What is the use of Collections.synchronizedList() method? It doesn't seem to synchronize the list

A synchronized list only synchronizes methods of this list.

It means a thread won't be able to modify the list while another thread is currently running a method from this list. The object is locked while processing method.

As an example, Let's say two threads run addAllon your list, with 2 different lists (A=A1,A2,A3 and B=B1,B2,B3) as parameter.

  • As the method is synchronized, you can be sure those lists won't be merged randomly like A1,B1,A2,A3,B2,B3

  • You don't decide when a thread handover the process to the other thread. Each method call has to fully run and return before the other one could run. So you can either get A1,A2,A3,B1,B2,B3 or B1,B2,B3,A1,A2,A3 (As we don't know which thread call will run first).

In your first piece of code, both threads runs on the same time. And both try to add an element to the list. You don't have any way to block one thread except the synchronization on the add method so nothing prevent thread 1 from running multiple add operation before handing over the process to thread 2. So your output is perfectly normal.

In your second piece of code (the uncommented one), you clearly state that a thread completely lock the list from the other thread before starting the loop. Hence, you make sure one of your thread will run the full loop before the other one could access the list.

Collections.synchronizedList() will synchronize all the accesses to the backed list except while iterating which still needs to be done within a synchronized block with the synchronized List instance as object's monitor.

So for example here is the code of the add method

public boolean add(E e) {
    synchronized (mutex) {return c.add(e);}

This guarantees serial access to the backed list, so if your 2 threads call add at the same time, one thread will acquire the lock, add its element and release the lock then the second thread will be able to acquire the lock and add its element that is why you get alternatively one and two in your output.

When you uncomment the synchronized block, the code is then

synchronized(o) {
    for(int i=0;i<100;i++){

In this case the thread that could acquire the lock on o first will execute the entire for loop before releasing the lock (except if an exception is thrown), allowing the other thread to execute the content of its synchronized block, which is why you get 100 consecutive times one or two then 100 consecutive times the other value.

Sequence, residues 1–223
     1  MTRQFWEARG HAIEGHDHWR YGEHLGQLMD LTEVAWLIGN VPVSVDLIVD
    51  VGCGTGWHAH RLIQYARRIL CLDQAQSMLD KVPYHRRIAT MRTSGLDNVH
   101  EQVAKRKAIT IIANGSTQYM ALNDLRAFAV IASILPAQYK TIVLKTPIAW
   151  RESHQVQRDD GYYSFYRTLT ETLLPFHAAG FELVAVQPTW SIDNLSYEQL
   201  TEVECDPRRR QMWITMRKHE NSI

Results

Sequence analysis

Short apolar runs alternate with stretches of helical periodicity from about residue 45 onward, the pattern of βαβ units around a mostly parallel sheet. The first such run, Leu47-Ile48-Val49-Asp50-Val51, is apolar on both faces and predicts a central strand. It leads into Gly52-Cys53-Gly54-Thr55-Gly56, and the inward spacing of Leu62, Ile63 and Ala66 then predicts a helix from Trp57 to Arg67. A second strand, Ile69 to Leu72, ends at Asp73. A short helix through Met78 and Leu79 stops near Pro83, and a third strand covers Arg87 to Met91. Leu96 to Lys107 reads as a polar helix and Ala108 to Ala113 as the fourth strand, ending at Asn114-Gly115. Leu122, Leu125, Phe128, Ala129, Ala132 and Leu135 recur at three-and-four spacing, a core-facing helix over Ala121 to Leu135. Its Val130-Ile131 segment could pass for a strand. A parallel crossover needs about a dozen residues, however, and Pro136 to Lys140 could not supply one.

This is a cool little example based on the original example and accepted answer to show what purpose synchronizedList serves.

import java.util.ArrayList;
import java.util.Arrays;
import java.util.Collections;
import java.util.List;

public class SynTest {
    public static void main(String []args) throws InterruptedException
        final List<String> list = new ArrayList<>();
        final List<String> synList = Collections.synchronizedList(new ArrayList<>());

        Thread t1 = new Thread(new Runnable() {
            public void run() {
                list.addAll(Arrays.asList("one", "one", "one"));
                synList.addAll(Arrays.asList("one", "one", "one"));

        Thread t2 = new Thread(new Runnable() {
            public void run() {
                list.addAll(Arrays.asList("two", "two", "two"));
                synList.addAll(Arrays.asList("two", "two", "two"));



The original list ends up having undefined behaviour with results such as:

[one, one, one] // wrong!
[one, one, one, null, null, null] // wrong!
[two, two, two] // wrong!
[one, one, one, two, two, two] // correct

While the synchronized synList has a synchronised addAll method and always produces one of the two correct results:

[one, one, one, two, two, two] // correct
[two, two, two, one, one, one] // correct